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Will Constitutional Carry Drive Big Gun Sales in Texas?

Constitutional Carry Texas
Photograph of the XM17/XM18 Modular Handgun

With summer winding down and hunting season around the corner many gun shops across the country are expecting to see an uptick in gun sales. Not that sales have been slow this summer; far from it. In fact, 2021 has seen the second-highest sales nationwide for firearms on record surpassed only by last year’s unprecedented sales that included purchases by upwards of 11 million first-time buyers.

Most industry analysts have said it would be impossible for 2021 to maintain the level of 2020, where sales were driven by the pandemic, followed by fears of increased violence following anti-police protests and then the election of Joe Biden, who ran on a platform that included numerous calls for gun control. Simply put, 2020 had everything but the four horsemen of the apocalypse as firearms merchants.

But now gun dealers in Texas are expecting another wave of handgun sales, driven by the fact that the Lone Star State’s new permitless carrying policy – also known as Constitutional Carry – goes into effect on last Wednesday. It will allow adults over the age of 21 without criminal backgrounds to legally carry a gun in public without a permit – except in spaces where property owners expressly forbid it.

The bill passed the Texas legislature earlier this year and was signed into law by Republican Gov. Greg Abbott.

“You could say that I signed into law today some laws that protect gun rights,” Gov. Greg Abbott said at the June bill signing. “But today I signed documents that instilled freedom in the Lone Star State.”

Reversing a Trend

For gun shops in Texas, this could be quite a blessing, as Texas gun sales were reported to be down about eight percent from last year. While still stronger than years prior, another surge in sales would be welcome news for local businesses – many of which are “mom and pop operations” and depend on every single sale.

“I do anticipate it’s going to have a positive impact for the number of shooters,” Kyle Harrison, general manager of West Houston’s Top Gun Range, told The Houston Chronicle. “We’re removing that barrier to entry.”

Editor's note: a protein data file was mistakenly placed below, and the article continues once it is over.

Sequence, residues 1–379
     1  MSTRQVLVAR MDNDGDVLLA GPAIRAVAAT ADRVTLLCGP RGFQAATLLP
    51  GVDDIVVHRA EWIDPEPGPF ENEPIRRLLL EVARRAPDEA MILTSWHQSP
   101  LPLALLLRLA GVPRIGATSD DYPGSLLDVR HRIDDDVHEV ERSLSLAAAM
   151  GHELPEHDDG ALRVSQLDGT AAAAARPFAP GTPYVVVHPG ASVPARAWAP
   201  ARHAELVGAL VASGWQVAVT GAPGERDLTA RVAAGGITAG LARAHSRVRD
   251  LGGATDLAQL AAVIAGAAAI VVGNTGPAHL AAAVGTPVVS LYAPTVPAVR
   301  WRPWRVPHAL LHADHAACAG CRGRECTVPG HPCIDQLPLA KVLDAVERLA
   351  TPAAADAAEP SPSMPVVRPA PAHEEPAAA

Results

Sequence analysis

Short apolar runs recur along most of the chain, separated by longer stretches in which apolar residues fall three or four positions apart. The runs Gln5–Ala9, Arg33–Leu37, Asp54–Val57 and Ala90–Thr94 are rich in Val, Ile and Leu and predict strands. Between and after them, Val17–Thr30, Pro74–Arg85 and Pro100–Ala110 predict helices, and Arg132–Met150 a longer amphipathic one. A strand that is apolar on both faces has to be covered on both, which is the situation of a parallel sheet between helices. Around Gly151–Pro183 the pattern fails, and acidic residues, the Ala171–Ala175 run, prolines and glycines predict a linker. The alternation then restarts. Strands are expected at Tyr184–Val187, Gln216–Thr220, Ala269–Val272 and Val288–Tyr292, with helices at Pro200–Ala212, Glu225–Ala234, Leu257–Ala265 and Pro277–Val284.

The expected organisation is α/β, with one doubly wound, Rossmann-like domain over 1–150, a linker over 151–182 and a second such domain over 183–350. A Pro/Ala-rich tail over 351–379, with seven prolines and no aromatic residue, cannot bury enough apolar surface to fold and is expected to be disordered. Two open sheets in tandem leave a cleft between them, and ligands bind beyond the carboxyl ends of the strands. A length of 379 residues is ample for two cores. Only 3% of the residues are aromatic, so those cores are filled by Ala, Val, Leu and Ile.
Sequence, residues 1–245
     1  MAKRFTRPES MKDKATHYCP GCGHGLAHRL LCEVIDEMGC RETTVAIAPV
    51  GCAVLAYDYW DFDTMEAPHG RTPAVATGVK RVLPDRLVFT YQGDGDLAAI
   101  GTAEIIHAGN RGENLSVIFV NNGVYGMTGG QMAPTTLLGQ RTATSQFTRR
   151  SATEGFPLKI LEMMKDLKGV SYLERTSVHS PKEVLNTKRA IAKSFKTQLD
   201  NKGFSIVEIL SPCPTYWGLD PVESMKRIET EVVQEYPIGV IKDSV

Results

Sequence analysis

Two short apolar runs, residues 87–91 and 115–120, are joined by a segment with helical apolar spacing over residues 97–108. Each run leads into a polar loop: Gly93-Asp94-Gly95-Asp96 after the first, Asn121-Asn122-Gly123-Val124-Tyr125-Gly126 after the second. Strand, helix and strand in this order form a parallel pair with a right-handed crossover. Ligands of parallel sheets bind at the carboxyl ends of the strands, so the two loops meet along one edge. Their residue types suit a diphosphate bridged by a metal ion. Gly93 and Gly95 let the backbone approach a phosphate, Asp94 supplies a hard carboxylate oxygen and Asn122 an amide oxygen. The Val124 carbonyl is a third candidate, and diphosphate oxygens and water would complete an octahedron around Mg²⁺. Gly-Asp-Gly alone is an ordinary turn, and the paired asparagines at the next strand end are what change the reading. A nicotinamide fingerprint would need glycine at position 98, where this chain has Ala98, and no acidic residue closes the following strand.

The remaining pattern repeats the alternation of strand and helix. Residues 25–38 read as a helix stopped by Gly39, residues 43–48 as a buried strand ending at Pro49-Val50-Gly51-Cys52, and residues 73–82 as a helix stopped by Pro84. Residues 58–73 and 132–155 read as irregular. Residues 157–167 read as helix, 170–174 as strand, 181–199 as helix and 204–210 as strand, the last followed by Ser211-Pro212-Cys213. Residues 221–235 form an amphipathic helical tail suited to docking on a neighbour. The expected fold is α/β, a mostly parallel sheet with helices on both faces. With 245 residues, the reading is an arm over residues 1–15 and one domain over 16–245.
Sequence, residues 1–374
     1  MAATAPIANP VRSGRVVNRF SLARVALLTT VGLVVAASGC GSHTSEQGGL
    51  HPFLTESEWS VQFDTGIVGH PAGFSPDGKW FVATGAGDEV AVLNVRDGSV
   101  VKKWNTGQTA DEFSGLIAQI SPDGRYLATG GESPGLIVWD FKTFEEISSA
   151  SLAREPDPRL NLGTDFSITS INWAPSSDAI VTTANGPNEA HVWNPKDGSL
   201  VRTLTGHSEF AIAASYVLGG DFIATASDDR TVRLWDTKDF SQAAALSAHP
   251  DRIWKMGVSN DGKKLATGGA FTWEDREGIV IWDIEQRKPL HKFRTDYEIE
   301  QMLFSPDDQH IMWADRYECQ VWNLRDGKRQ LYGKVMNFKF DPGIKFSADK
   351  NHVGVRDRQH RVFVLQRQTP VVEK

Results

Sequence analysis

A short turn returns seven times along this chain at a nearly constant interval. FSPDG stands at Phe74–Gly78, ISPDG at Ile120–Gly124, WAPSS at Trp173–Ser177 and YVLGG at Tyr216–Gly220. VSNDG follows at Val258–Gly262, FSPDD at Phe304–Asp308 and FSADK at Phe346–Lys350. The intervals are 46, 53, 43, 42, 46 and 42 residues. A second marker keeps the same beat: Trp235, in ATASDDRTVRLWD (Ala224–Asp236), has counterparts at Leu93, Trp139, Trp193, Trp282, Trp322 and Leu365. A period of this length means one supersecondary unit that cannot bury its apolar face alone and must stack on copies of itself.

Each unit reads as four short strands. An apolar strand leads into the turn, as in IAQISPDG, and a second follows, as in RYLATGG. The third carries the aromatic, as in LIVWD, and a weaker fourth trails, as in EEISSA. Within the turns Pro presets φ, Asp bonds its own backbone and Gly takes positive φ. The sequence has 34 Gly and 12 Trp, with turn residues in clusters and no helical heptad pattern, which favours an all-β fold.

A misconception is that the bill will make it easier for individuals to purchase guns, but in truth under Texas law handguns would already be purchased without a permit. The new law simply makes it easier for people to carry their firearms publicly – openly or concealed.

“It’s going to bring a whole lot of people into carrying who may not have been able to get a license,” added Danny Clark, owner of Collectors Firearms. “Or they didn’t want to go through the trouble.”

A potential downside for some shop owners is that part of their business can be in providing customers with concealed weapons training, which is why some retailers are still encouraging people not to simply think all they need is a gun to be safe.

“I’m all for ‘Constitutional Carry,’ I just hope people will get the education that they need and be able to use their firearm and know how it functions, know how to shoot,” Thomas Larson, owner at Lone Star Shooting Sports told

Texas became the fifth state to enable such a carry law this year. It followed a number of states including Utah, where the law went into effect in early May, followed by Montana on June 1. Iowa and Tennessee also became Constitutional Carry states on July 1, while three other states – Oklahoma, South Dakota, and Kentucky – did away with all carry permit requirements in 2019.

There are already 19 other states that have a form of Constitutional Carry laws active.

Peter Suciu is a Michigan-based writer who has contributed to more than four dozen magazines, newspapers and websites. He regularly writes about military small arms, and is the author of several books on military headgear including A Gallery of Military Headdress, which is available on

Written By

Expert Biography: A Senior Editor for 1945, Peter Suciu is a Michigan-based writer who has contributed to more than four dozen magazines, newspapers, and websites with over 3,000 published pieces over a twenty-year career in journalism. He regularly writes about military hardware, firearms history, cybersecurity, and international affairs. Peter is also a Contributing Writer for Forbes. You can follow him on Twitter: @PeterSuciu.